Confocal Raman & quantitative phase microscopy
Live cell imaging without staining is important in biological studies. Techniques such as phase contrast and Nomarski/DIC microscopy have overcome this problem by transforming the phase information into intensity distribution and thus reveal the intra-cellular structural details. Recently, quantitative phase microscopy based on interferometry has been developed as a new technique for quantitative biology. The refractive index obtained from quantitative phase and hence the information of optical path length in a cell can be used to obtain the detailed morphological structure in 2D and even in 3D. Fast acquisition and full-field quantitative imaging without exogenous agents are the primary advantages of the quantitative phase contrast microscopy methods. The 2D and 3D mapping of refractive index gives the microscopic structure (organelles such as mitochondria, nucleotides etc) of the cell under investigation while confocal Raman could give biochemical information at any point of interest.
Since it was first observed in 1928, Raman scattering has been widely used as an analytical tool in many fields of science, engineering and industry. Very weak inelastically scattered light from the sample represent “fingerprint” vibrational information of the molecules in the sample which can be used for both qualitative and quantitative analysis. Incorporating confocal microscopy, which is extensively used to obtain three-dimensional information, along with conventional Raman spectroscopy provides an exciting research avenue, due to the possibility of obtaining accurate information about the chemical and morphological components with high spatial resolution. This can be further augmented by standard reflectance and fluorescence modalities. Despite its great promise, confocal Raman microscopy has not been widely used for biological research, in comparison to fluorescence imaging, due to its intrinsically weak signals.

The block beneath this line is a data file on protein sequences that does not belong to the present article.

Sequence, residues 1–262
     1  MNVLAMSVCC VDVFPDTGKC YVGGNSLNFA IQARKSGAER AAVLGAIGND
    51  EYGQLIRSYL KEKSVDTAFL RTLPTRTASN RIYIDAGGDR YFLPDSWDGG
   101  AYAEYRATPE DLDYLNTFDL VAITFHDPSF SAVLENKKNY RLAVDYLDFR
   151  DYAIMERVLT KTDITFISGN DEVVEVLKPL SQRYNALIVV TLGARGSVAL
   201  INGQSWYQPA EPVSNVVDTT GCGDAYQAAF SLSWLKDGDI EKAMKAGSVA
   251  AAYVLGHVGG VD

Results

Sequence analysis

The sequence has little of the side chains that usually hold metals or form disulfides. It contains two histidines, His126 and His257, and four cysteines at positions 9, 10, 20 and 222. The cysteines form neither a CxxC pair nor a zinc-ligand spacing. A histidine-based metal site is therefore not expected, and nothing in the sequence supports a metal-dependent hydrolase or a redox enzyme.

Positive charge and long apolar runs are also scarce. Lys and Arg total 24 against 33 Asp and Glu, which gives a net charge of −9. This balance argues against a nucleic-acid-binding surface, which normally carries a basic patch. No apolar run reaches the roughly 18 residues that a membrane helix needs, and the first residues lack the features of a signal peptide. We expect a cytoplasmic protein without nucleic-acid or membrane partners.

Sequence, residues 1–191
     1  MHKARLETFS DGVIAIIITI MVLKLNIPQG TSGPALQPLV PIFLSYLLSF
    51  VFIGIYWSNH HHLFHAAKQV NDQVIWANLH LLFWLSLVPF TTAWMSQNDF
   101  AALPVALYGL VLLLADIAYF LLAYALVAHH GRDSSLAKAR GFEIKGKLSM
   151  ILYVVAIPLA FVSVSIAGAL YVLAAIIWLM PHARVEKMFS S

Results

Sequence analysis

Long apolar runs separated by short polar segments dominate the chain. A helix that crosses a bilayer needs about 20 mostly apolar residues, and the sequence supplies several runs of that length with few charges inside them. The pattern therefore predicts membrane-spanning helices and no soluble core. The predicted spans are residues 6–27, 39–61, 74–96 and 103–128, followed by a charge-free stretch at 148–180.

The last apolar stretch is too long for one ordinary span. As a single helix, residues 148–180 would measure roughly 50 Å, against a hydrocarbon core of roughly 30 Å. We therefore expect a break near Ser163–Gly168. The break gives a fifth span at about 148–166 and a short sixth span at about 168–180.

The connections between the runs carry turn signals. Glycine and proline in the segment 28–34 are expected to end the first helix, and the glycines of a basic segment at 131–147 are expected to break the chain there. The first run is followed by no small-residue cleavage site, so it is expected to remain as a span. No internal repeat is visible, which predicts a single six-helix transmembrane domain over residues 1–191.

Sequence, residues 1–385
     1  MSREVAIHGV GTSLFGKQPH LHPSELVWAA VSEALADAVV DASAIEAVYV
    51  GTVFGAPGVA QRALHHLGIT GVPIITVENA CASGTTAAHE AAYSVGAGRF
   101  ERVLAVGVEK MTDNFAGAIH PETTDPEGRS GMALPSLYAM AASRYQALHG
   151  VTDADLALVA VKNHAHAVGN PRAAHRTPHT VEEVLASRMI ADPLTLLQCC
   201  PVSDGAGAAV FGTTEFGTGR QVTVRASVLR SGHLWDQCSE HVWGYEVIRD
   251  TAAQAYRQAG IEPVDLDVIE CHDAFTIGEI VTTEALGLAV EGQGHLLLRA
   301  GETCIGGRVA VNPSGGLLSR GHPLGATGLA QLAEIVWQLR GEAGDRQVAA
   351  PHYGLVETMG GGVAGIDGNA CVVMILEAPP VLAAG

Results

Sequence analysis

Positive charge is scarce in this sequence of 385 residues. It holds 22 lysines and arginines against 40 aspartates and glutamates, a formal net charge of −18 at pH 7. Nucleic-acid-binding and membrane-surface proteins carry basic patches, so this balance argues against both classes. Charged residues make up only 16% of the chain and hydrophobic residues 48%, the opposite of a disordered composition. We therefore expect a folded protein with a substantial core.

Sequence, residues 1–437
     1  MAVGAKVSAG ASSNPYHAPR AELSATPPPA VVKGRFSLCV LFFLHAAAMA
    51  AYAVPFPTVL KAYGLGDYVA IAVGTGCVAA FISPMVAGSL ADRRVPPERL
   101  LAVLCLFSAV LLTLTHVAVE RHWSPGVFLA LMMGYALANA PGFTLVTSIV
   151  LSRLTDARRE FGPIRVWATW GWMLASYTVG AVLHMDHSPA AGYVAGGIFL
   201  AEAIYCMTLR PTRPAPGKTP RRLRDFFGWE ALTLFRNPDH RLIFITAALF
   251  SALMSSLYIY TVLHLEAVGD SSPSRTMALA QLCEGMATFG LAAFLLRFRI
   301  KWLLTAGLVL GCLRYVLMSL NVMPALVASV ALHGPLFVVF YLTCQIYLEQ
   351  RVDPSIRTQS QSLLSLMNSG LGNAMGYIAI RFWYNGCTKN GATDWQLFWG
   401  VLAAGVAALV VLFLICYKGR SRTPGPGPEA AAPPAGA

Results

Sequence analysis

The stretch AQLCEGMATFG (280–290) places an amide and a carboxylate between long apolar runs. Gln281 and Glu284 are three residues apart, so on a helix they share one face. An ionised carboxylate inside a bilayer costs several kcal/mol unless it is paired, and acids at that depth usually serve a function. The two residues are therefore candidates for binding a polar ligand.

The setup (Fig. 1) is based on a home-built inverted microscope and a typical scanning mirror confocal system, which accommodated both confocal reflectance and confocal Raman setups. White LEDs (not shown) are used as an illuminating source for a video camera to ensure the sample in the field of view (FOV) and in focus. Due to the transparent nature of a living cell, the known oblique illumination technique is utilized to enhance the cell’s features and used as a gold standard for comparison. Frequency-doubled Nd:Yag laser (Millennia 5sJ, Spectra-Physics) at 532 nm is used as a pumping source for CW tunable Ti:Sapphire Laser (3900S, Spectra-Physics). The output of Ti:Sapphire laser is tuned to 785 nm and used as an excitation source for both confocal reflectance and confocal Raman systems. To obtain high resolution for cellular imaging, as well as confocal reflectance, the setup uses an oil immersion objective lens (Zeiss Plan-NeoFluar 100X/1.30). A flip mirror is installed after the tube lens so that a focused image of the sample plane can be observed at the video camera with ~121x magnification.
The collimated beam is filtered by a band pass filter and then redirected to the dual axes galvanometer mirrors (CT-6210, Cambridge Technology) by a dichroic mirror, DM1. After the galvanometer mirrors, a telescopic lens system is used to optimize the beam size and relay the beam. Coarse and fine adjustments of sample focus is digitally controlled by a piezo-actuator combined with a differential micrometer (DRV517, Thorlabs).